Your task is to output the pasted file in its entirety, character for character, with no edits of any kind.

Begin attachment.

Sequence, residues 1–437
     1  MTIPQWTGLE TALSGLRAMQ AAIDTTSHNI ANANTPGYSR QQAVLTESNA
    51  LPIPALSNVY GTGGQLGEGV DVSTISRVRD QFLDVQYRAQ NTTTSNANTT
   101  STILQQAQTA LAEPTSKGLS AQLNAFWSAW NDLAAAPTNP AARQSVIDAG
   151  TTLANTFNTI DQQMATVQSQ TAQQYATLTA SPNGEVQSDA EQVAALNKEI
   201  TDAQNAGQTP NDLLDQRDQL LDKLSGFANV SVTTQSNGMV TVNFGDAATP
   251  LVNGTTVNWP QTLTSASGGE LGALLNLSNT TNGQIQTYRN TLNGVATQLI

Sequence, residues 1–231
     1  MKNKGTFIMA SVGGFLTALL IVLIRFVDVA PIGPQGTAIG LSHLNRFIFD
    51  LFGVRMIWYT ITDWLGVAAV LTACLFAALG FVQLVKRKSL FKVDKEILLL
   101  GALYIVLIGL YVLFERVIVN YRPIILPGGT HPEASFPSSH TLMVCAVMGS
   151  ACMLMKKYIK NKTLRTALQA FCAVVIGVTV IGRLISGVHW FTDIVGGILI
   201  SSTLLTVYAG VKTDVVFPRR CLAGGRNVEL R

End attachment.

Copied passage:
Sequence, residues 1–437
     1  MTIPQWTGLE TALSGLRAMQ AAIDTTSHNI ANANTPGYSR QQAVLTESNA
    51  LPIPALSNVY GTGGQLGEGV DVSTISRVRD QFLDVQYRAQ NTTTSNANTT
   101  STILQQAQTA LAEPTSKGLS AQLNAFWSAW NDLAAAPTNP AARQSVIDAG
   151  TTLANTFNTI DQQMATVQSQ TAQQYATLTA SPNGEVQSDA EQVAALNKEI
   201  TDAQNAGQTP NDLLDQRDQL LDKLSGFANV SVTTQSNGMV TVNFGDAATP
   251  LVNGTTVNWP QTLTSASGGE LGALLNLSNT TNGQIQTYRN TLNGVATQLI

Sequence, residues 1–231
     1  MKNKGTFIMA SVGGFLTALL IVLIRFVDVA PIGPQGTAIG LSHLNRFIFD
    51  LFGVRMIWYT ITDWLGVAAV LTACLFAALG FVQLVKRKSL FKVDKEILLL
   101  GALYIVLIGL YVLFERVIVN YRPIILPGGT HPEASFPSSH TLMVCAVMGS
   151  ACMLMKKYIK NKTLRTALQA FCAVVIGVTV IGRLISGVHW FTDIVGGILI
   201  SSTLLTVYAG VKTDVVFPRR CLAGGRNVEL R